By 11:30 I packed my things and headed out, not having a particular destination, but knowing that an intent to walk, in the pleasant weather and with a bit of meditative breathing added in, would be the perfect cure for the slight fog and ache in my head.  I was headed toward the direction of home: should I go straight home and have some lunch, or stop by the botanical garden for a short meditation session first?  (I know, how much of a decisional ordeal for a first worlder like me)  Instead I made my way to the masjid and decided to pray, given that the call to prayer had just commenced as I approached the masjid.  I washed myself and entered the masjid.  Only a couple of people were there.  The call to prayer happens around noon but the congregational prayer doesn’t start until 12:45.  It was just passed noon when I prayed on my own in this quiet and serene space.  I finished with plenty of time to go before the congregational prayer and more of those simple yet curiously agonizing life choices appeared:  do I stay a while and join the congregation, or head home now that I’ve gotten the benefits of praying and spending some time in this sacred space of refuge?  I decided to stay, attempting to follow the path of my breath as a way to further clear my mind and gain inner peace.  As people started to trickle into the masjid I thought how wonderful it is that others have the same needs as me.  The morning’s work may have also tired them out, or maybe they had acted in poor taste to a colleague, or perhaps they had an acute sense of how petty we can get in our daily strivings.  The race to get ahead can appear to us at moments to be quite silly, and compromising of our ideal ethical ways to behave.  Add onto this man’s general existential anguish and anxiety, and it only becomes clearer why the age old wisdom of a religion like Islam is viewed as a prized jewel among its’ adherents.

I got the chance this afternoon to gain peace of mind, spiritual nourishment, social bonding centered on goodwill and joy.  And can you imagine:  Muslims are given an opportunity to do this five times a day, on their own or in congregation.

I’m thankful to be living in a society that takes its’ religion so seriously.  A society that gives plentiful refuge from the mad rush of the world to accumulate more wealth and junk; a world that too often rewards those who get ahead at the expense of better decency.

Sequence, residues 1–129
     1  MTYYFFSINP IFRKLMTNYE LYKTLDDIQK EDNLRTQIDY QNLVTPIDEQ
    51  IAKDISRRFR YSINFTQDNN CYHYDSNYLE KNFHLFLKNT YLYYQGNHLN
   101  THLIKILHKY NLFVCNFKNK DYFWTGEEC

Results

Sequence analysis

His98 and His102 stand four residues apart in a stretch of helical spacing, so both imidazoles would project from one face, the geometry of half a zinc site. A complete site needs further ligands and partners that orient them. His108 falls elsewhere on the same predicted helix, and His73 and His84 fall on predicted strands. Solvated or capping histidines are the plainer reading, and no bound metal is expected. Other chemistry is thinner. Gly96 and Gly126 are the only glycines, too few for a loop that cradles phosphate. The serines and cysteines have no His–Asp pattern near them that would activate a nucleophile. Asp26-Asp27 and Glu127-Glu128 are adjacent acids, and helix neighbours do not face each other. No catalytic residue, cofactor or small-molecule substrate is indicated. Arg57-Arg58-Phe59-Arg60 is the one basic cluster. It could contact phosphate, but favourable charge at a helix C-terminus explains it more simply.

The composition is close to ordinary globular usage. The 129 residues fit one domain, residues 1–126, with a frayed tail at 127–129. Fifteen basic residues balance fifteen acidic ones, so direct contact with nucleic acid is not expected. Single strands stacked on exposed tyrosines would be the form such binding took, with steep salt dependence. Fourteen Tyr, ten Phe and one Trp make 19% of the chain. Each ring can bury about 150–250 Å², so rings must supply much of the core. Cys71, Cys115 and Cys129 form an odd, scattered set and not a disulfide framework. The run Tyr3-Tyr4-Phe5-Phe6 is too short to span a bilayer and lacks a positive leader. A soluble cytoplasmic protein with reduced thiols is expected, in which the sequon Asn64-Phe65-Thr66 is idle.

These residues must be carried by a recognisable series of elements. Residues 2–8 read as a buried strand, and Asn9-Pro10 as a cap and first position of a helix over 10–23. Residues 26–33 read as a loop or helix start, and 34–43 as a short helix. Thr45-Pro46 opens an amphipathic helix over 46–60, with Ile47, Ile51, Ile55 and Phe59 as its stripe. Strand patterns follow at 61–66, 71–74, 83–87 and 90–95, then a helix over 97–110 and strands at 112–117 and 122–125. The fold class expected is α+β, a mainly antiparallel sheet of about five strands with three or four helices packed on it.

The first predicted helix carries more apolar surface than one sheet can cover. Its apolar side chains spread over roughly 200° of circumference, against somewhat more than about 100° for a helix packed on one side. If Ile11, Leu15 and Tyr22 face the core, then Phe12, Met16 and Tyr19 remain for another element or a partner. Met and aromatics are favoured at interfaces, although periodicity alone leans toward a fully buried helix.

Differences: co-existing with them versus shedding them off

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A popular bumper sticker depicts an assemblage of religious icons like the Christian cross, Jewish star, and Muslim crescent.  The sticker encourages us to co-exist peacefully rather than antagonistically.  This is a different message than the one in John Lennon’s song Imagine, which asks us to imagine a world in which humans don’t feel the need to sort themselves out into various groups in the first place.  There would be no religions or nations in Lennon’s ideal world.  As beautiful as this ideal may sound, I find the ideal in the “co-exist” bumper sticker offering a more realistic goal to aspire to.

A major theme of surah Baqara in the The Qur’an is about the relationship between Muslims, Jews, and Christians.  It represents a commentary on the potential for cooperation and conflict among civilizations.  Part 62 of the surah clearly evokes the idea of the three groups co-existing peacefully, by saying “those who believe in the Qur’an, and those who follow the Jewish scriptures, and the Christians…shall have their reward with their Lord”.  But then part 89 is an admonishment for those who reject the latest revelation of the Qur’an: “And when there comes to them a book from God, confirming what is with them-although from of old they had prayed for victory against those without faith-when there comes to them that which they should have recognized, they refuse to believe in it but the curse of God is on those without faith”.  

If we take the word of the scholar interpreting this copy of the Qur’an (Abdullah Yusuf Ali), we learn that criticisms like this one were directed at the Jews and Christians.  The Jews, Ali says, cling to strongly onto their exclusivist doctrines, which is why they rejected the Qur’an.  “If the Muslims of Madinah ever entertained the hope that the Jews in their city would welcome Muhammad as a prophet, they were mistaken” says Ali.  In another commentary Ali states that the Jews were jealous of Muhammad.  Supposedly when the Muslim community began to grow stronger the Jews pretended to be of them, but “tried to keep back any knowledge of their own scriptures, lest they should be beaten by their own arguments”.

There are obviously multiple ways to take in these messages of the Qur’an.  Some readers (especially those more secular) may view all this as a pointless and exhausting exercise of trying to prove why one group is better than the other.  For all the wisdom that scriptures like the Qur’an purports to have, it may seem as though it pushes forth petty divisiveness and stokes flames of conflict between groups.  Of course, for some devout Muslims or Jews these messages are all the more reason to feel assured that their religion is superior to the others, and probably contributes to furthering the animosity that each group has for the other.